Dreams from My Father: on Principles & Values

Mother attacked for playing with a black girlfriend

One day my grandmother Toot came home to find a crowd of children gathered. As Toot drew closer, she could make out the sounds of mirthless laughter, the contortions of rage & disgust on the children's faces. The children were chanting, in a high-pitched alternating rhythm: "Nigger lover! Dirty Yankee!" The children scattered when they saw Toot, but not before one of the boys had sent the stone in his hand sailing over the fence. There she saw the cause of all the excitement: my [white] mother and a black girl of about the same age lying side by side in the grass, their heads propped up on their hands in front of one of my mother's books. The two girls seemed perfectly serene beneath the leafy shade. It was only when Toot opened the gate that she realized the black girl was shaking and my mother's eyes shone with tears. The girls remained motionless, paralyzed in their fear, until Toot finally leaned down and put her hands on both their heads.
Source: Dreams from My Father, by Barack Obama, p. 18 Aug 1, 1996

Be strong or be clever and make peace

My stepfather Lolo said, "Men take advantage of weakness in other men. They're just like countries in that way. The strong man takes the weak man's land. He makes the weak man work in his fields. If the weak man's woman is pretty, the strong man will take her. Which would you rather be? Better to be strong. If you can't be strong, be clever and make peace with someone who's strong. But always better to be strong yourself. Always."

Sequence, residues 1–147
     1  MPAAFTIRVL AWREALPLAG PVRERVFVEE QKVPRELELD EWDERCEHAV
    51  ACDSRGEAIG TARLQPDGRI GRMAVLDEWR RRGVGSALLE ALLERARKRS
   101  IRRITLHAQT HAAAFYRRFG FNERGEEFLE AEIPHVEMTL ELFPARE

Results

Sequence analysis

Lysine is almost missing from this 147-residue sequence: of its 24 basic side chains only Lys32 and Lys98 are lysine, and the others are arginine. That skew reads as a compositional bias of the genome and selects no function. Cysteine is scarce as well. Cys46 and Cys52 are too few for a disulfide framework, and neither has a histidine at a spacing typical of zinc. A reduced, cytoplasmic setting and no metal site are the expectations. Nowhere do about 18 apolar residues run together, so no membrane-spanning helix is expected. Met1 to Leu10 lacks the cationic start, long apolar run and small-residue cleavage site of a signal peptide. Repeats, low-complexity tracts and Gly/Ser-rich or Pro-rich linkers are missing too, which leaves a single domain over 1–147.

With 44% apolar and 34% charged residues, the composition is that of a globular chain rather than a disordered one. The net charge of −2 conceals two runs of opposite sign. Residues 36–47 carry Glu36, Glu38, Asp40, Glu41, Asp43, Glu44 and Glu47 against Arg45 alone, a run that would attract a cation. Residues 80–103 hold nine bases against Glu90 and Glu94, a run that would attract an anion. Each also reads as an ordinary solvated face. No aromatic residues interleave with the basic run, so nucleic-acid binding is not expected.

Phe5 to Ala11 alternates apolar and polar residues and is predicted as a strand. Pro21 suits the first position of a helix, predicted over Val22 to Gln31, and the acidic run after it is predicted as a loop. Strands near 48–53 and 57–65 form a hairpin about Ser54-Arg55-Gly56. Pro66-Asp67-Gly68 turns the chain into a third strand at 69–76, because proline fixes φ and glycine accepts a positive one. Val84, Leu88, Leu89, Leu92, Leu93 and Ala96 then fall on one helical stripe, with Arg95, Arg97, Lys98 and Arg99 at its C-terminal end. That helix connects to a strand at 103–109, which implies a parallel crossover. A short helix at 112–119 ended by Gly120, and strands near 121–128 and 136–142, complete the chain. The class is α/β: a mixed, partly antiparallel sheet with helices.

Source: Dreams from My Father, by Barack Obama, p. 37 Aug 1, 1996

Guilt is a luxury that not everyone can afford

My stepfather Lolo said, "Guilt is a luxury only foreigners can afford. Like saying whatever pops into your head." Mother didn't know what it was like to lose everything, to wake up and feel her belly eating itself. She didn't know how crowded and treacherous the path to security could be. He was right, of course. She was a foreigner, middle-class and white and protected by her heredity whether she wanted protection or not. She could always leave if things got too messy. That possibility negated anything she might say to Lolo; it was the unreachable barrier between them.
Source: Dreams from My Father, by Barack Obama, p. 42 Aug 1, 1996

Racism wasn't merely the cruelty involved, but arrogance too

The older woman in my grandparents' apartment building who became agitated when I got on the elevator behind her & ran out to tell the manager that I was following her; her refusal to apologize when she was told that I lived in the building. Our assistan basketball coach, a young, wiry man from New York with a nice jumper, who, after a pick-up game with some talkative black men, had muttered within earshot of me and three of my teammates that we shouldn't have lost to a bunch of niggers; and who, when I told him to shut up, had calmly explained the apparently obvious fact that "there are black people, and there are niggers. Those guys were niggers." It wasn't merely the cruelty involved; I was learning that black people could be mean and then some. It was a particular brand of arrogance, an obtuseness in otherwise sane people that brought forth our bitter laughter. It was as if whites didn't know they were being cruel in the first place. Or at least thought you deserving of their scorn.